54 officers from California Highway Patrol were charged with overtime fraud.

According to California Attorney General Rob Bonta, the scam netted more than $225,000 in proceeds. The defendants are accused of exaggerating work hours.

54 officers from California Highway Patrol were charged with overtime fraud.

The state's top prosecutor announced Thursday that nearly fifty former and current California Highway Patrol officers were accused of collecting more $225,000 in an over-the-year overtime scheme.

According to a statement by Rob Bonta, California Attorney General, the officers at the East Los Angeles station allegedly exaggerated how many hours they worked between January 1, 2016 and March 31, 2018.

The total number of charges against them includes grand theft and fraudulent claims during a scam that brought in $226,556, Bonta stated.

He said that trust is an essential part of law enforcement success. "These defendants ignored the law by their alleged acts and did not think about how their conduct might impact the California Highway Patrol and the community who trusted them to protect or serve." CHP did a thorough investigation and worked with DOJ to bring these officers to justice.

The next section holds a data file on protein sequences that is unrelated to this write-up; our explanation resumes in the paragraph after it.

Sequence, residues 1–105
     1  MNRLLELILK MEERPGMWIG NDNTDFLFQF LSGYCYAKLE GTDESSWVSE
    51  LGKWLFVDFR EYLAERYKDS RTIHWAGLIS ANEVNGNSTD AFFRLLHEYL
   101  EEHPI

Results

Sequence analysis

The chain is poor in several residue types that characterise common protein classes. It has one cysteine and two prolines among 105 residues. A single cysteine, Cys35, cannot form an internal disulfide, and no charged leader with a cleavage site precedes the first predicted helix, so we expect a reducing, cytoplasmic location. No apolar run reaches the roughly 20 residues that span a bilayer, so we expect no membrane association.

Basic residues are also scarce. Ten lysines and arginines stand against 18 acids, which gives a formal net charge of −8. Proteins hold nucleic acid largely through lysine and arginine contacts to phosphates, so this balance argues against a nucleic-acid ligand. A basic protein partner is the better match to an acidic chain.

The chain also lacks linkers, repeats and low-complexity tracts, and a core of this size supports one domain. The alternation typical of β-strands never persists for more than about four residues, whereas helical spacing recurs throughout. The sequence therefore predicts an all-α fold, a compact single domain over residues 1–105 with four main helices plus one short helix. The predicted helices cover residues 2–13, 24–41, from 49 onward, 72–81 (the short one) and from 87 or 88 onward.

In a statement, the highway patrol stated that it was a professional law enforcement agency and holds its employees to the highest standards. The CHP is committed to investigating all allegations of misconduct.

Highway patrol stated that the officers employed by the department were placed on administrative leave and their peace officer powers were removed.

The statement by the agency did not indicate whether administrative leave was paid for or unpaid, nor how many officers were still on the force.

Prosecutors said that the highway patrol opened an investigation in May 2018. They allegedly received overtime hours that they didn't work, while being assigned to safety details in a maintenance program or a construction-zone programme.

Bonta stated that three former officers also kept fake hours while monitoring congestion in traffic lanes.

He said that they had created fake warnings and assistance for drivers to support fraudulent overtime claims.

Bonta stated that the officers were arrested by the Los Angeles County Sheriff's Department on Tuesday and Thursday. Bonta stated that the defendants were scheduled to appear in Los Angeles County Superior Court Thursday and Friday.


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